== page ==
Archive for February, 2017


Here’s an example of the type of photograph I enjoy so much. At first glance it’s pleasing. It delights me. I can sit and gaze at it for ages, enjoying its beauty. But it stimulates my thoughts too.

I see this and I think about ways of engaging with the world. Iain McGilchrist shows us in his Master and His Emissary that our two cerebral hemispheres allow us to simultaneously use two different types of focus….narrow and broad.

The left hemisphere separates out whatever we are looking at from the contexts in which it exists. It allows us to set a kind of frame around what we are looking at, to distinguish it from the whole. That lets us label it, put it into a category, and so grasp it. Literally. Get a handle on it so we can manipulate it. It’s a narrow focus, one which drills down to separate out and analyse aspects or components.

The right hemisphere focuses on the connections rather than the parts. It lets us see the broad view, the over view. It helps us to see whatever we are looking at in the fullness of its context. We don’t see the separate parts, we see the connectedness of everything. In the terms of classical philosophy, it helps us to take the “view from on high”.

The view from on high lets us do something else too….it allows us to stand apart from whatever we are looking at. It lets us put a little distance there…a distance in space, and/or a distance in time…a pause, or a moment to reflect and consider.

Some people argue this is one of the most distinguishing characteristics of human beings, this ability to create a distance which allows us to choose responses rather than simply react in programmed or patterned automatic ways. But I think it is equally characteristic of human beings that we have this huge cerebral cortex divided into two distinctly different hemispheres allowing us to focus on the world in two such distinctly different ways.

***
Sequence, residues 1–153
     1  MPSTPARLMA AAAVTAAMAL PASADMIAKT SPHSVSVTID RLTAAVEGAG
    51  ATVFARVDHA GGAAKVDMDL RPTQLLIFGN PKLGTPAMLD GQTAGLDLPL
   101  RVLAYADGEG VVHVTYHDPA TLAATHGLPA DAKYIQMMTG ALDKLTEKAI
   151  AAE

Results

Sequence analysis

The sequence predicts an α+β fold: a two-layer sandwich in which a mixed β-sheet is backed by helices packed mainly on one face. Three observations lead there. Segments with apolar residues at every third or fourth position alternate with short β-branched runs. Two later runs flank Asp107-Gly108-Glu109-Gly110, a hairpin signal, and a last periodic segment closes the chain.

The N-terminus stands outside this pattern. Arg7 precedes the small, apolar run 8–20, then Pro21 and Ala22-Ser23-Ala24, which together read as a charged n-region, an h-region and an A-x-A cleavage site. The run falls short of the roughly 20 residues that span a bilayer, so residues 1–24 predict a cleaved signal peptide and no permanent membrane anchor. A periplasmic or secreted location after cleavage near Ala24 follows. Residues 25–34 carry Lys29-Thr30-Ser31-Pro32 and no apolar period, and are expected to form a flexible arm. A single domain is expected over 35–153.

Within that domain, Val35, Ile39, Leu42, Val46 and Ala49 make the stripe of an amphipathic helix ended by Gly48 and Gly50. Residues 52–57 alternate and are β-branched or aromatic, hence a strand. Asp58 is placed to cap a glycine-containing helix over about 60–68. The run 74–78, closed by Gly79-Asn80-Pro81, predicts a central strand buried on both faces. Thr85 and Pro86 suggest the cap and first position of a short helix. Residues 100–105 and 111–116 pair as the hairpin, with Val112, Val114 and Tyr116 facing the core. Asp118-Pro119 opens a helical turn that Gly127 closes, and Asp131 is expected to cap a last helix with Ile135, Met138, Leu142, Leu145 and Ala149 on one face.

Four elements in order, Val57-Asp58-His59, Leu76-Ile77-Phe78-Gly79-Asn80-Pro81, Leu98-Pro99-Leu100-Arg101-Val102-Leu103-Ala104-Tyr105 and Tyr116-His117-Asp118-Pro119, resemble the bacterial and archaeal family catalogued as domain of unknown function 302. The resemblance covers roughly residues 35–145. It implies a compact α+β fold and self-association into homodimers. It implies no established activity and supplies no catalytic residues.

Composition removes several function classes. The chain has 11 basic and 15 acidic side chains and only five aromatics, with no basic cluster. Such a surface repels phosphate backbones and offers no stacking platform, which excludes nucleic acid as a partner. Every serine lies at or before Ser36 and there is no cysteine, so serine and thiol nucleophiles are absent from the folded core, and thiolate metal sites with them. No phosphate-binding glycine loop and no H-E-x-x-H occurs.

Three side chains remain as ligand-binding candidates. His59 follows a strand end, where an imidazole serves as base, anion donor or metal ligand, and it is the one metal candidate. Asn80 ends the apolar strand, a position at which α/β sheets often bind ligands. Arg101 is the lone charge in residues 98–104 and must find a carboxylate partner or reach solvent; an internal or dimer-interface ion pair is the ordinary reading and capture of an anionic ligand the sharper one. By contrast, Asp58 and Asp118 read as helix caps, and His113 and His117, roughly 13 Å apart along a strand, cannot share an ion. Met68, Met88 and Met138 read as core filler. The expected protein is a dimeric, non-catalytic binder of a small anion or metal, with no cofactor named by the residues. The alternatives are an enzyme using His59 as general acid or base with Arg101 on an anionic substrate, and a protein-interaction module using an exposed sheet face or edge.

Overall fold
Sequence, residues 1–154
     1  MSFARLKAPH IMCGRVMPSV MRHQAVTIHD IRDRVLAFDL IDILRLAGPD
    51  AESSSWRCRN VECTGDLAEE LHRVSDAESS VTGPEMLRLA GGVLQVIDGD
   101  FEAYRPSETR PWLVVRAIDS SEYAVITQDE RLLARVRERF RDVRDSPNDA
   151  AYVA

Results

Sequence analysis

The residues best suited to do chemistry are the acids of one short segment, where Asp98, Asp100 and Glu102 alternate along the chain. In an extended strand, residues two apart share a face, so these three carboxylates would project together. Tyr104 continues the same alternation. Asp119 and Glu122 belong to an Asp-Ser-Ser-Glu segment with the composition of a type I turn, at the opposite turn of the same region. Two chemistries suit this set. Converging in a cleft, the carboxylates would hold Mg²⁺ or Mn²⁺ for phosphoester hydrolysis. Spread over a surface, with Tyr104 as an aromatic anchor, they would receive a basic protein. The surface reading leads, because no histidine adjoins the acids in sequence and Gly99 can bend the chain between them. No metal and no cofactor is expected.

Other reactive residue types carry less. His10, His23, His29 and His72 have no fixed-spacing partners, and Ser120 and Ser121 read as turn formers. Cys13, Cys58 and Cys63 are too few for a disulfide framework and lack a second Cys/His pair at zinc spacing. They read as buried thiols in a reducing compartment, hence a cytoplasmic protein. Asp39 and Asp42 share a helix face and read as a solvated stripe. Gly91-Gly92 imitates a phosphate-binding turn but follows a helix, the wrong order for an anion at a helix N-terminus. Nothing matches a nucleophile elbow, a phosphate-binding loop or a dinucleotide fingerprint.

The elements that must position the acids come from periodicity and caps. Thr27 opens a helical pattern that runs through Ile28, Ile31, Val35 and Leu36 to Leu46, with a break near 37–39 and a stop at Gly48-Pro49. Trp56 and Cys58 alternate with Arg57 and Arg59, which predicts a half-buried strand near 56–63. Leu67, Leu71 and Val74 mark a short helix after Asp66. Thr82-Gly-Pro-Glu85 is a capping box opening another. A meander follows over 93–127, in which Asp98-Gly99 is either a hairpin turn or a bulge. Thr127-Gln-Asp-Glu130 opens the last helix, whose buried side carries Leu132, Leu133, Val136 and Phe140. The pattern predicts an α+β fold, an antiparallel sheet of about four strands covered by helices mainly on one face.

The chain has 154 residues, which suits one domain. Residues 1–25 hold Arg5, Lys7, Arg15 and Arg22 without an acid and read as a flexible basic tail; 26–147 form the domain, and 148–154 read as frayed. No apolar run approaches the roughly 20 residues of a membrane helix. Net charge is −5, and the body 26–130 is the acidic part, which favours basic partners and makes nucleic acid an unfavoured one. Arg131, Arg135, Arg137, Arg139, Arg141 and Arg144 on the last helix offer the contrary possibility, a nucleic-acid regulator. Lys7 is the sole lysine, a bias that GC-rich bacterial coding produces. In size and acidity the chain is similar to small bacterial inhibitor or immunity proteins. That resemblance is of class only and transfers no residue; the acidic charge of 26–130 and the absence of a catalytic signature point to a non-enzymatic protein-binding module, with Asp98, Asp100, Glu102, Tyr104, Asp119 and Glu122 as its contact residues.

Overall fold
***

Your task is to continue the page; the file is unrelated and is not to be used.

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It strikes me that one of the biggest questions facing us now is “how are we going to live together?”, and the answer to that depends on the extent of our consciousness and awareness.

How big is the box you are living in?

Is it only big enough for you? Do all other human beings exist outside of your conscious limits? I bet they don’t. For some people their box isn’t much bigger than their own family, or the village, street or town in which they live. For others its the size of their network of like-minded souls – the ones who agree with them, who share the same values, behave the same way, speak the same language. For yet others the box is a whole country. They want to put their own country first, and others can just get on and do the same. If there’s to be competition over space or resources, they’ll fight the others for it, hoping for one winner, and for the rest to be losers.

Maybe the box is the size of our species, though. Maybe it contains every living human being. After all, in this increasingly networked world of relationships, travel, agreements, and exchanges, artificially created boxes the size of a single country are increasingly hard to maintain.

Some people call this bigger box, globalisation, and kick against it. What they experience is personal loss, due, they believe, to others’ gain. But the current model of globalisation is just a way of us living together. We all live in the same world. It’s increasingly impossible to live as if others in other parts of this planet either don’t exist, or don’t matter. When people kick against globalisation, I think they are kicking against a way of us all living together. The answers will lie in finding a better way, not in pretending we all live in disconnected, entirely separate boxes.

Let me just stretch this out a wee bit further. Because I think the reality is not that we humans live together in a separate box on this earth. We are part of Nature. We live in constant interaction with the air, the soil, the water and the energy from the Sun. We are an integral part of the biosphere – living in an intricate web with the entirety of Life on Earth.

How often are we conscious of that? How often do we take that awareness and apply it to come up with good ways to live together….not just all we humans, but with the entire biosphere on the finite planet which we share.


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